Presenter Information

Sean KingFollow
Matthew SignorFollow

Submission Type

Poster

Start Date

22-4-2020 12:00 AM

Abstract

High Energy Density Physics and Inertial Confinement Fusion facilities employ nTOF methods to measure neutron energies. Laser induced fusion facilities use the beam pulse as a start signal and Xylene scintillators as the stop signal to obtain the time of flight. To improve timing performance, the scintillator liquid is quenched with oxygen reducing the light production. However, oxygen reacts with the scintillator liquid causing the detector photo flash decay time to increase that reduces the energy resolution of the detector. An in-situ monitoring system which uses cosmic ray muons to determine the oxygen concentration, is being developed at SUNY Geneseo. The method uses a stack of one EJ200 plastic scintillator with the oxygenated xylene detector below it. As cosmic ray muons pass through the stacked detectors, a coincidence signal is produced by the electronics indicating an event has occurred within a few nanoseconds confirming a muon passed through the stack. The signal fit-parameters of the xylene are good indicators of the oxygen concentration. Over the summer of 2019, a proof of concept was deemed successful in measuring a difference in oxygen levels. Throughout the 2019-2020 school year, a larger detector has been built to amplify the count rate and expedite data acquisition.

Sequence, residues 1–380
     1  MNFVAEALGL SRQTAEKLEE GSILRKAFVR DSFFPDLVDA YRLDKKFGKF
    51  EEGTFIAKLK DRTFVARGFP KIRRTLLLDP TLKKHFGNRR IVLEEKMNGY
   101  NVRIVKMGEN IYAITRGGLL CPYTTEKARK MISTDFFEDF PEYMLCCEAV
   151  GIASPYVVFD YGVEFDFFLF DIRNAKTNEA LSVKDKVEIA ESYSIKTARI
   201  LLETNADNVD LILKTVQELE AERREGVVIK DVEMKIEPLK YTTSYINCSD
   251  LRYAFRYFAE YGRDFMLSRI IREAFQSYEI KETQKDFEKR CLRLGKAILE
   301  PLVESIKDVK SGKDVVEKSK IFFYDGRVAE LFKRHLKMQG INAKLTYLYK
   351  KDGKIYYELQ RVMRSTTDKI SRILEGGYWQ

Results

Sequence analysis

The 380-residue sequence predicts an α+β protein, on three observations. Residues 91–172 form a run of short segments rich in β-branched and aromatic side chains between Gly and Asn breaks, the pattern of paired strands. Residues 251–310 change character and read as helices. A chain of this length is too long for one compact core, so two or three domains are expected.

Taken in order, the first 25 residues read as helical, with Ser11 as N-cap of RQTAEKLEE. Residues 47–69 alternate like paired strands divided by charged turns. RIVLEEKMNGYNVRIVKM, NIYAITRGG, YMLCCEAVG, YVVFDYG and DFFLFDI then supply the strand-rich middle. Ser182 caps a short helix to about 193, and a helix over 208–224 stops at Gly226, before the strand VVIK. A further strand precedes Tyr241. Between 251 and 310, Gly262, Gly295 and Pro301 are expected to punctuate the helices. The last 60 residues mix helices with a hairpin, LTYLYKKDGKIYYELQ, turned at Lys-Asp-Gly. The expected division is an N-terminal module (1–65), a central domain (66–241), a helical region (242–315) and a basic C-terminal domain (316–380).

Comments

Sponsored by Dr. Stephen Padalino

Acknowledgements:

Laboratory for Laser Energetics

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Apr 22nd, 12:00 AM

293— MOLY - Monitoring Oxygen Levels in nTOF Scintillators using Cosmic Ray Muons

High Energy Density Physics and Inertial Confinement Fusion facilities employ nTOF methods to measure neutron energies. Laser induced fusion facilities use the beam pulse as a start signal and Xylene scintillators as the stop signal to obtain the time of flight. To improve timing performance, the scintillator liquid is quenched with oxygen reducing the light production. However, oxygen reacts with the scintillator liquid causing the detector photo flash decay time to increase that reduces the energy resolution of the detector. An in-situ monitoring system which uses cosmic ray muons to determine the oxygen concentration, is being developed at SUNY Geneseo. The method uses a stack of one EJ200 plastic scintillator with the oxygenated xylene detector below it. As cosmic ray muons pass through the stacked detectors, a coincidence signal is produced by the electronics indicating an event has occurred within a few nanoseconds confirming a muon passed through the stack. The signal fit-parameters of the xylene are good indicators of the oxygen concentration. Over the summer of 2019, a proof of concept was deemed successful in measuring a difference in oxygen levels. Throughout the 2019-2020 school year, a larger detector has been built to amplify the count rate and expedite data acquisition.

 

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